Making it 'sexy' for the public

The political spectrum, and I say this with a great sense of regret, is about appealing to the public with ‘sexy’ policies that people can understand and get behind.

If Twyford had got up before the last election and pledged a total overhaul of the RMA as a key plank for Labour then this would have carried all the excitement for the electorate of pouring cold tea down your trouser leg.

Ah, but: “We’ll build 100,000 houses!” Woah, sex on a stick. Let’s be having some of that then.

But now, rather than getting in behind the fact that someone has set out to do the 100,000 house thing though, it seems that the public’s taking an almost perverse pleasure now in knocking the whole thing down. As I said in a recent opine, some people have been awfully quick to call the whole thing a failure.

Again it probably comes back to this fact that virtually everybody in this country has an interest in housing and therefore an opinion. And an opinion on how things could be done better.

I would reiterate my view that KiwiBuild has not to this point been proven a failure. But against unrealistically high expectations naively set by Twyford it has unquestionably got off to a staggering start.

Tell us what the problems are

Personally, I would actually like the Government to come out and say just what the problems have been and where it faces issues. Really there has been little up-front discussion of this nature.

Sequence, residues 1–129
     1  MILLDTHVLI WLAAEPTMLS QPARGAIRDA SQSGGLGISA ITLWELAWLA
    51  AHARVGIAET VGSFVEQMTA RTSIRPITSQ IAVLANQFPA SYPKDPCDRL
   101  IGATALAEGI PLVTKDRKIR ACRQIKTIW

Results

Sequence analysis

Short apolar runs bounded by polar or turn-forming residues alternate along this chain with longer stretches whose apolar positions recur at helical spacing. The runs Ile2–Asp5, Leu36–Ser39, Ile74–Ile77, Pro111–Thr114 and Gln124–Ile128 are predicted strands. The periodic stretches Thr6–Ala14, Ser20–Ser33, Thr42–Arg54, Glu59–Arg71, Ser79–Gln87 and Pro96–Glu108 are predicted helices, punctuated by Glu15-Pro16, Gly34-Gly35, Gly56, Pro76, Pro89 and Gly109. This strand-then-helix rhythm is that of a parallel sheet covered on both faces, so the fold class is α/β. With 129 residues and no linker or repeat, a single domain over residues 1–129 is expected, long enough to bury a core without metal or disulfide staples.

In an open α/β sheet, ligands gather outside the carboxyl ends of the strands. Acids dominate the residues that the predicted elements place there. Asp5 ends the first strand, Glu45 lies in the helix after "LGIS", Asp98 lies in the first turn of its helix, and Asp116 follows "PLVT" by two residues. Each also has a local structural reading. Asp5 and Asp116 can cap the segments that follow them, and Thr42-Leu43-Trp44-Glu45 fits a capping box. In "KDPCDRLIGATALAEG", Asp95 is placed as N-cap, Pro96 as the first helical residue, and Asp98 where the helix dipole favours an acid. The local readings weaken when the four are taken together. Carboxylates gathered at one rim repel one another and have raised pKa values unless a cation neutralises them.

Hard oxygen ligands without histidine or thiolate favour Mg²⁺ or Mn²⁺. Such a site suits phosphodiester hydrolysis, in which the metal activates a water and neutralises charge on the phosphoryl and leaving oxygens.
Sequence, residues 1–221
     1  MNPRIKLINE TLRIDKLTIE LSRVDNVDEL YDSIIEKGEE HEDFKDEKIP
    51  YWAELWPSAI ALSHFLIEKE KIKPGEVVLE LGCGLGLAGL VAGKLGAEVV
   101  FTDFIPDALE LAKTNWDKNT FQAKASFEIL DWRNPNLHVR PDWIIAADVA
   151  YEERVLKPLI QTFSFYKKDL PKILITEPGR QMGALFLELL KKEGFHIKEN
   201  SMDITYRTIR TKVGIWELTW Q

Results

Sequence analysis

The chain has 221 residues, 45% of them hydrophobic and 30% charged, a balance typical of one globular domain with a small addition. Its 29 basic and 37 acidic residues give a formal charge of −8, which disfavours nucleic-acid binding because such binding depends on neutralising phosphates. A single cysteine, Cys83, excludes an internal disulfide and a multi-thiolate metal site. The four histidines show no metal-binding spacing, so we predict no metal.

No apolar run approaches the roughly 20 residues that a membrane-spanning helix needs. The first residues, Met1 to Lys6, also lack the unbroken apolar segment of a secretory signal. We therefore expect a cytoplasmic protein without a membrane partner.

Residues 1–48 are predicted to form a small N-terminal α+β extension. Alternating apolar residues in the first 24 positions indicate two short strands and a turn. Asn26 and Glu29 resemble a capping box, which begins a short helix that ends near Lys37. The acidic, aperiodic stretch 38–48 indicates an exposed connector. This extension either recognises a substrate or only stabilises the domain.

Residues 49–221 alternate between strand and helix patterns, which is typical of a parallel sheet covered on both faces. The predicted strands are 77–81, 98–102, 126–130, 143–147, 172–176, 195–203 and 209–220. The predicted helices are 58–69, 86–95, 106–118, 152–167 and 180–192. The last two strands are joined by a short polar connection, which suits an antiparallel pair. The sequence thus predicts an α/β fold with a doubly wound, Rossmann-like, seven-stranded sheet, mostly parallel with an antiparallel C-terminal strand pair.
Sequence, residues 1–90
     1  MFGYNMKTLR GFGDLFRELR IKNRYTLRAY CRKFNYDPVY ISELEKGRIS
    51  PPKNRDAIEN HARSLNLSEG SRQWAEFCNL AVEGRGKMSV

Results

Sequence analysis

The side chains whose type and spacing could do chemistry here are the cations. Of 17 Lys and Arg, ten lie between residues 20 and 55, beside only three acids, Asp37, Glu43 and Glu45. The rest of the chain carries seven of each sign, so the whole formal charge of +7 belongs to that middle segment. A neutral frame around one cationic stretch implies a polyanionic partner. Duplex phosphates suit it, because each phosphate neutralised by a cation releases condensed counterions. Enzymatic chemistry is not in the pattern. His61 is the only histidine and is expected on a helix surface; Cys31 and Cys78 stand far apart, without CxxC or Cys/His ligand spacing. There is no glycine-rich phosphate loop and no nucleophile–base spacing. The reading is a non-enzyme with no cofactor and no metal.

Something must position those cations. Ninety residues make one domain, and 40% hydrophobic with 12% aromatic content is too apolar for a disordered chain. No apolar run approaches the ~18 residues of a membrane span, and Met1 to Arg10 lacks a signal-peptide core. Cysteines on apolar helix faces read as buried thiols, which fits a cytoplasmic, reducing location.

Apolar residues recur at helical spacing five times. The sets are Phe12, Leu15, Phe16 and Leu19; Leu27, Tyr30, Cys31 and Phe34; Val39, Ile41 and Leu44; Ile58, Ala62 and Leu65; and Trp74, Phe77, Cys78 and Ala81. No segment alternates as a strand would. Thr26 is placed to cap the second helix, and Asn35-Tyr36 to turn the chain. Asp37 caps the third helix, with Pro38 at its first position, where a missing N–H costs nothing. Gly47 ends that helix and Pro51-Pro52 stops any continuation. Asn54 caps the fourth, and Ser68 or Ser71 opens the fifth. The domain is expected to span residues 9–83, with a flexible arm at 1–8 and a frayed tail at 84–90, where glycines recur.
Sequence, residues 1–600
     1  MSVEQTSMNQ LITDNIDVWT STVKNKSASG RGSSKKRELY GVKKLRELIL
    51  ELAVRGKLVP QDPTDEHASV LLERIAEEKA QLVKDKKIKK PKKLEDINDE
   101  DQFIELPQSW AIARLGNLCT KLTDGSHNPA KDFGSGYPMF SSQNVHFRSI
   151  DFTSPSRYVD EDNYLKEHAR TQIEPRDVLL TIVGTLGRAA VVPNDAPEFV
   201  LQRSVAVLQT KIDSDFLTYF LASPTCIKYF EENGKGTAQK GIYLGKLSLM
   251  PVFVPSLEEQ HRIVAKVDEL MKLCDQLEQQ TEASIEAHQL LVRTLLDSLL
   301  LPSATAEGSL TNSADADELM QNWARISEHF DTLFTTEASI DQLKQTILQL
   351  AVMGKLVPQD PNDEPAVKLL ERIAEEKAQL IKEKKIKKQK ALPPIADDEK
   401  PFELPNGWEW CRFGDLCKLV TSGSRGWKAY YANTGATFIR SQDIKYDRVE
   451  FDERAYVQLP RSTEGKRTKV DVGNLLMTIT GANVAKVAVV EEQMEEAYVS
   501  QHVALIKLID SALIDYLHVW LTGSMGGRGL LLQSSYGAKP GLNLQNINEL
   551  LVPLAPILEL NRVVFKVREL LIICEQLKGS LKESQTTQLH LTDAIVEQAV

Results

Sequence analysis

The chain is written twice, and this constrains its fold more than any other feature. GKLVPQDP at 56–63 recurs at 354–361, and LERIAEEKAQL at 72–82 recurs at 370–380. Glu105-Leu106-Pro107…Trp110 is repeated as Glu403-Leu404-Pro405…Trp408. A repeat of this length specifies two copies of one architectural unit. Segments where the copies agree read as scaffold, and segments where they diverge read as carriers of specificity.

If the public at large – and big businesses that might be able to help – do know for sure what all the issues are then this could be of assistance surely?

The other point is, if we are clear that the issues are around RMA and such like, let’s know.

It wouldn’t do any harm at all right now surely if the Government said it was going to start a far-reaching review of the RMA.

What about the busting of Auckland's urban boundary as earlier talked about?

And what about the idea of rent-to-buy schemes, again as earlier talk about at the time of the formation of the Government.

Also while we are about it, what about a very thorough review of the building materials market with a view to putting a new broom through it?

Still aim for the 100,000

Don’t abandon the 100,000 houses, but broaden the attack. I think the Government would find the people of New Zealand most supportive of such a diversified plan of attack. Complex problems never have one solution, but rather require a combination of interventions.

I come back to the fact, the basic fact, that New Zealand has not built enough houses and too many of the ones we’ve got are not of a good enough standard.

So, come what may, we should be working on how to improve the situation.

I do suspect, however, that we may well see this Government very soon start to shy away from KiwiBuild and the building up of our housing stock.

Thursday’s release of The Tax Working Group’s report that will likely recommend a Capital Gains Tax in some form is likely to dominate the political agenda – and public comment – in the near future.

In such an environment it would be very tempting indeed to just let the housing problem child fade into the background – much as the previous National Government did.